UK’s post-Brexit stance on REACH registration and compliance
In a new Brexit paper, released on 21st August, the UK states its position on where businesses stand when they have undertaken compliance activities prior to Britain leaving the EU. The main conclusion of this paper is that businesses who place goods on the market before exit from the EU will not have to duplicate compliance activities.
There is often a number of complex, lengthy and often costly procedures required of businesses so that they are compliant. For importers and manufacturers of chemical substances, these concern REACH registration, which involves collecting and submitting data on the hazards and risks of a chemical substance. In this instance the compliance activity will remain valid if it took place before exit, and this should be recognised in the Withdrawal Agreement.
Registration is a complex process under REACH and there are further obligations after this, the UK wants to avoid unnecessary duplication of such activities on both the EU and UK markets. Therefore, the UK proposes that for any compliance activity recognised through the withdrawal agreement, the authority and business should be able to continue to carry out ongoing functions for relevant products or types of products for both the UK and EU markets and this activity can take place in their location as at the date of withdrawal.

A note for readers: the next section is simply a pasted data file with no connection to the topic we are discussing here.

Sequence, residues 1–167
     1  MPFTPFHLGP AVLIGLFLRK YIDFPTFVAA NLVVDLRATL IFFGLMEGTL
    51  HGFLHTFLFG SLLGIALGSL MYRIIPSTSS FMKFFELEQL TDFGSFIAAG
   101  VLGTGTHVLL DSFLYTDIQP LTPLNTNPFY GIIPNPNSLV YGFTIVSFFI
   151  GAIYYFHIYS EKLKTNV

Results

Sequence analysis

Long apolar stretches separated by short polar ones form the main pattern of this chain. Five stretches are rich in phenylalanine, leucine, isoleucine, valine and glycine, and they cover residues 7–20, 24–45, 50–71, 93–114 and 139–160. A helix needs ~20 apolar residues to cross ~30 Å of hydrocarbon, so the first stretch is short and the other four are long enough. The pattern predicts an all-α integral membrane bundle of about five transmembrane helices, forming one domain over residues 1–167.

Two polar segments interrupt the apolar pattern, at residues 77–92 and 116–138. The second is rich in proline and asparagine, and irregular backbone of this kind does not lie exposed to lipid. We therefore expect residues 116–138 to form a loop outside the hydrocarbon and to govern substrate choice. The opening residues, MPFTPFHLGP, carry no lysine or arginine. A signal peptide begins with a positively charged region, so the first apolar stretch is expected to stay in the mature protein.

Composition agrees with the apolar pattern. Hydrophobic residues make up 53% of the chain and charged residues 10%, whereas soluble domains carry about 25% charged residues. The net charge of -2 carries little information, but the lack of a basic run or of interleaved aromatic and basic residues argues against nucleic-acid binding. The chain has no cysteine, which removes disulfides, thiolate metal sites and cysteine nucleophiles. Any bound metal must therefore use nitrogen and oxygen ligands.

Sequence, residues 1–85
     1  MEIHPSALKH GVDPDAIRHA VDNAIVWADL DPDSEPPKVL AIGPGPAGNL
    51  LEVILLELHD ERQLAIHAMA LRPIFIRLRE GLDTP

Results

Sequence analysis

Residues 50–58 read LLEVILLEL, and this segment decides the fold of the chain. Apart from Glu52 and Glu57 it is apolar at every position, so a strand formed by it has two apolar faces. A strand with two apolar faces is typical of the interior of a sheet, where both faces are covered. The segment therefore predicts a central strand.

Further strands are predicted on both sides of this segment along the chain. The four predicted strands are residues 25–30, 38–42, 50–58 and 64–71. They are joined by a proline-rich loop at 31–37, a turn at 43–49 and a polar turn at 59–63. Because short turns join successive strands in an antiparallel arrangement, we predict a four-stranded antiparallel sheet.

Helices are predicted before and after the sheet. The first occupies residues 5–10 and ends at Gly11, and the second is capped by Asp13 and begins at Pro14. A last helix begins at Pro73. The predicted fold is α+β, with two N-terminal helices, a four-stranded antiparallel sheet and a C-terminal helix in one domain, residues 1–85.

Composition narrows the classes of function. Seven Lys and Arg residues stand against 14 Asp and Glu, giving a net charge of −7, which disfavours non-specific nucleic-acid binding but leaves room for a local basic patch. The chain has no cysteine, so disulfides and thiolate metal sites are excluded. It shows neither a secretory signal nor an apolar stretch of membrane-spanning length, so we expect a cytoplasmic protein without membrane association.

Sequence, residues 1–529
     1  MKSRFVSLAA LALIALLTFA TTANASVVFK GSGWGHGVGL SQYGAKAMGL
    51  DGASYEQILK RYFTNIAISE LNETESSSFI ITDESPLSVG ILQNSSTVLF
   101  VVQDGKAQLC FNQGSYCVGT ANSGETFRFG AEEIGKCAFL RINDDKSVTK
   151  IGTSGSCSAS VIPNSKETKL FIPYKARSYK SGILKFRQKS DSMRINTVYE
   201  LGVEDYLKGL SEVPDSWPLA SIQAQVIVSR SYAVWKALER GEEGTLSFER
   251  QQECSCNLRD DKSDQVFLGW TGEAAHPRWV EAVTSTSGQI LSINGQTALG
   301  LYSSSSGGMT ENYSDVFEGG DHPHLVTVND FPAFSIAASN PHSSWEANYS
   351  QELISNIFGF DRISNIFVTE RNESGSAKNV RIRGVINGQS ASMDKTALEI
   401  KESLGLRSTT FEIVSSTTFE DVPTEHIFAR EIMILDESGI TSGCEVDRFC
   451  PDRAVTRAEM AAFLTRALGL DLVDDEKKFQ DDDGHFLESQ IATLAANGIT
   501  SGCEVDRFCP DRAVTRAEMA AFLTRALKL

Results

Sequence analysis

Where there are ongoing obligations for the assessment bodies, such as evaluation under REACH, the UK proposes that bodies should continue to carry out assessments for the product life-time. Hence results of such bodies will be recognised in both the UK and EU markets. The UK wants to ensure that approvals, registrations, certificates and authorisations issued by a third party prior to exit should be continued to be recognised as valid by both markets after the UK's withdrawal. The approvals should be valid for the intended time period or product life-cycle to avoid the need for retesting of products.
The UK wants the agreement to continue to facilitate the oversight of goods and hence ensure action is taken on non-compliant goods. There is importance of the UK and EU being able to trace products through the supply chain when they are placed on both markets. Market surveillance and enforcement authorities are essential to provide oversight and to facilitate exchange information about unsafe products. The agreement should be guided by the continued recognition of assessment bodies to fulfil any ongoing obligations. Furthermore, both the UK and EU must have confidence in the competence of bodies carrying out ongoing obligations. Such obligations may involve the use of mechanisms such as accreditation and use of international standards. Finally, the agreement should facilitate ongoing data exchange which is currently provided for under sectoral measures.
In general, the UK's proposal paper aims to ensure that REACH registrations before Brexit are still valid in the UK and EU afterward. Furthermore, the UK proposes that compliance activities continue for the life time of the product and that these are overseen by the competent authorities. It is crucial that processes such as registrations are not duplicated, hence companies aren't burdened with unnecessary time consuming and costly activities.
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